The Gion-ji temple belongs to the Tendai sect. It is said to have been founded sometime between 729 to 749 by Manku Shonin, who opened the Jindai-ji Temple.
In the main hall, a standing statue of Amida Nyorai, which is a principal image, is enshrined.
In the Yakushi-do hall, three statues of Yakushi, which are Yakushi Nyorai (the principal image), Nikko Bosatsu and Gekko Bosatu (two guardian statues on the sides) are enshrined. In the Enma-do hall, Enma Daio (The Great King Yama) is enshrined in the center, along with two Juo statues facing each other on both sides. (The three statues of Yakushi are not open to the public, so they cannot be observed)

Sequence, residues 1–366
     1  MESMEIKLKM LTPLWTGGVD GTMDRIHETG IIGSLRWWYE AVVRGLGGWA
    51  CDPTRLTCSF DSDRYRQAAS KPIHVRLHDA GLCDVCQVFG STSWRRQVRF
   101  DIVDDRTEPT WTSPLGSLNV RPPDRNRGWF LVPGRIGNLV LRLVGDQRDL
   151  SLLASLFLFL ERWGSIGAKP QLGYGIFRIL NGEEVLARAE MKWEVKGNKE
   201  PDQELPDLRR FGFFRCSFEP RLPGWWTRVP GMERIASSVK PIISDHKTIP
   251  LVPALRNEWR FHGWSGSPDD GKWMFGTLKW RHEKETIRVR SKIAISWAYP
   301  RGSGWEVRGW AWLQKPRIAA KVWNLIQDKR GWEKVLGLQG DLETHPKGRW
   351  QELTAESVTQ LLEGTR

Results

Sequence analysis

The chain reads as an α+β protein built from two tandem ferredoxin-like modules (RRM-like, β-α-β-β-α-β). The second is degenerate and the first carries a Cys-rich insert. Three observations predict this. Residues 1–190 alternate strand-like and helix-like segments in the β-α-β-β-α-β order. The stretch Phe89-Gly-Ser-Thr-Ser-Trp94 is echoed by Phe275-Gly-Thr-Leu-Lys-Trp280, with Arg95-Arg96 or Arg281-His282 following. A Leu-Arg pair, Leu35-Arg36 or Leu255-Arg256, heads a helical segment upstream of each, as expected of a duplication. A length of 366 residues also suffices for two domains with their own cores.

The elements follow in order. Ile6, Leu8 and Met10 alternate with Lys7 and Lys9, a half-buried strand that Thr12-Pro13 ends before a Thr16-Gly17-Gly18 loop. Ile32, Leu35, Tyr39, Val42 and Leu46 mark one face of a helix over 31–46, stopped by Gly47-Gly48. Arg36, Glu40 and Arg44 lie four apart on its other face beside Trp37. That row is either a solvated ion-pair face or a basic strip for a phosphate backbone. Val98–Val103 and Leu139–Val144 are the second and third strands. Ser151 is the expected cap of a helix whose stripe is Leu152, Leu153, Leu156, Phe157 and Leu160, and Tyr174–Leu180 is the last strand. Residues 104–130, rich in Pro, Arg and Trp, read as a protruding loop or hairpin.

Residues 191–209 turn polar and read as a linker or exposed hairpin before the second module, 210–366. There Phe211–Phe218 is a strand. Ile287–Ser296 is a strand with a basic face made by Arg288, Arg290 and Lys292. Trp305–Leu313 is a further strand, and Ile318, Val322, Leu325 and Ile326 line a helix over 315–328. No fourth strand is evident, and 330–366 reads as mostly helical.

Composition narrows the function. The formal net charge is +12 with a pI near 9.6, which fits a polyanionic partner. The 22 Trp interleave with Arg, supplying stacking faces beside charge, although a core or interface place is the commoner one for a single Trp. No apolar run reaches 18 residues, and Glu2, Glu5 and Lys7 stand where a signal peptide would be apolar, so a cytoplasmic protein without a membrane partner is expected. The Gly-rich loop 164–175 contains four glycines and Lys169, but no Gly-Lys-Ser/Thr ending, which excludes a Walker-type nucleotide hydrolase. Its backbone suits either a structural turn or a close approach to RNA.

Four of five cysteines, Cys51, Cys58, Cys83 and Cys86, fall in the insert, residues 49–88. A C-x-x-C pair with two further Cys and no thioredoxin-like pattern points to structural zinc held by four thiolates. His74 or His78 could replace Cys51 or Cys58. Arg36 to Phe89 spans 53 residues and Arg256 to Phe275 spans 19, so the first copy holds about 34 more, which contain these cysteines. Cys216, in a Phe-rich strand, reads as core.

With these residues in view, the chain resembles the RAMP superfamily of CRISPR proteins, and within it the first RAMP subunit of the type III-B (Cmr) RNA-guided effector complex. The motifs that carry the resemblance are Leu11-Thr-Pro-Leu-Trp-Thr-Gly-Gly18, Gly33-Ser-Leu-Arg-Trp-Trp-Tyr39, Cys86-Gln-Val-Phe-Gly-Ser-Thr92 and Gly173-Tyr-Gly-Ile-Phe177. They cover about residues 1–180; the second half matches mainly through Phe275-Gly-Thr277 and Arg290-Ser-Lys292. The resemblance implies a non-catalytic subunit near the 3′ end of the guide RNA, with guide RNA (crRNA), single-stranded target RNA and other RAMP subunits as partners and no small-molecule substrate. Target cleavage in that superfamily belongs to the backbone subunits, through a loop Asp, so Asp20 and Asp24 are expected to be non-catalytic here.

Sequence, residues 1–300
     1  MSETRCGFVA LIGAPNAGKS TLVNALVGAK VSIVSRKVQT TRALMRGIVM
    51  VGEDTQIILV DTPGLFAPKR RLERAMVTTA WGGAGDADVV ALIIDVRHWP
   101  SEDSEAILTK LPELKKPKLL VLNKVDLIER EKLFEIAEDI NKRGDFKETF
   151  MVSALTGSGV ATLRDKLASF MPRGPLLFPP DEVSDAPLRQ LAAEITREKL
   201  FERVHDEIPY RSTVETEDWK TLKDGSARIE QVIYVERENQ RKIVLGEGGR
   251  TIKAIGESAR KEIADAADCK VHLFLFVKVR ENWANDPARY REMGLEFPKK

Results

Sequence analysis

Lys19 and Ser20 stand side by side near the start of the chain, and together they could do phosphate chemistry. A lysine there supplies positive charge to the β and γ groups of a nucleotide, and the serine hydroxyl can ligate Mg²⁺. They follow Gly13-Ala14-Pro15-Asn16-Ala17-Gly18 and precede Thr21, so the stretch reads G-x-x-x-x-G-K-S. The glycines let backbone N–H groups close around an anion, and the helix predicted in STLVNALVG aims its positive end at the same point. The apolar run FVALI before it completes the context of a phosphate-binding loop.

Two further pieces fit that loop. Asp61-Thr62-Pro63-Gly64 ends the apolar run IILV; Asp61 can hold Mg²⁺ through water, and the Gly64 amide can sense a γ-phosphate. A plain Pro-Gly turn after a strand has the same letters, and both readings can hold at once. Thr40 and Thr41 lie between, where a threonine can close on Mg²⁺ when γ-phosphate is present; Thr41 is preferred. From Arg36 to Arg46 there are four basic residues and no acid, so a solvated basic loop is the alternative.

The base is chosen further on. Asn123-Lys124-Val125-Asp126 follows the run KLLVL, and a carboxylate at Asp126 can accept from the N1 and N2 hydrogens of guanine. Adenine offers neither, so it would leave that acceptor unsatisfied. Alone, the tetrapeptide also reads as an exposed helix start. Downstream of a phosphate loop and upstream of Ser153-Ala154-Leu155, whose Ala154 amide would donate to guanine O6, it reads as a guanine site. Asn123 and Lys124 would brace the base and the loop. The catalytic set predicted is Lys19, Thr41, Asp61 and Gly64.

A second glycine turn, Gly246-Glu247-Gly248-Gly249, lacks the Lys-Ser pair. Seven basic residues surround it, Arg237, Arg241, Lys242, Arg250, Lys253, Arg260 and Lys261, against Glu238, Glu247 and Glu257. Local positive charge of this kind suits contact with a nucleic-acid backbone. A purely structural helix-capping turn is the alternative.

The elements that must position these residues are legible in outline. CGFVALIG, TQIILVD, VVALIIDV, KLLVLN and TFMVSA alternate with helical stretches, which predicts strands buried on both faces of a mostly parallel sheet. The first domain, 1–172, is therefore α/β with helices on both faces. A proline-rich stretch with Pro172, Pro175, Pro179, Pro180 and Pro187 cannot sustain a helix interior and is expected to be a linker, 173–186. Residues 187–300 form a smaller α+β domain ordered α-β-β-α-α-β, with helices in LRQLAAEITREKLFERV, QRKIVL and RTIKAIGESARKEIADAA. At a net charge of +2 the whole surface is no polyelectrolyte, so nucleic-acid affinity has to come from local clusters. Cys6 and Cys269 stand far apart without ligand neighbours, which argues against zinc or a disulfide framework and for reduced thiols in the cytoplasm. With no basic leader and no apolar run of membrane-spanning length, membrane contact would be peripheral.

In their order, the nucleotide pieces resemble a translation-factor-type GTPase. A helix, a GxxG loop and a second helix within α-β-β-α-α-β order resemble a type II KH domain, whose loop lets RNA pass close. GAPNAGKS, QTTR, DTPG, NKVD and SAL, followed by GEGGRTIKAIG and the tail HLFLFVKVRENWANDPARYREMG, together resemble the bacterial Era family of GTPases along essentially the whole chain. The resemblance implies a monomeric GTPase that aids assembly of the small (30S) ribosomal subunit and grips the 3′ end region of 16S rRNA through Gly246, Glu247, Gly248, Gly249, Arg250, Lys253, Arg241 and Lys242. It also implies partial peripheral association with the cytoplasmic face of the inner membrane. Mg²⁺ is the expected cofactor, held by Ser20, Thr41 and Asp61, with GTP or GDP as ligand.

In the precinct, there is a pine tree called "Jiyu no Matsu (meaning a pine tree which represents liberty)", which is said to have been planted by politician Daisuke Itagaki, who was actively involved in the Meiji Restoration.
The priest in Gion-ji temple has the name Soei (the name is given to a master who deeply understands tea ceremony). In addition to the monthly regular tea ceremony classes, Gion-ji temple also hosts events so that anyone who wishes can experience tea ceremony or seated meditation.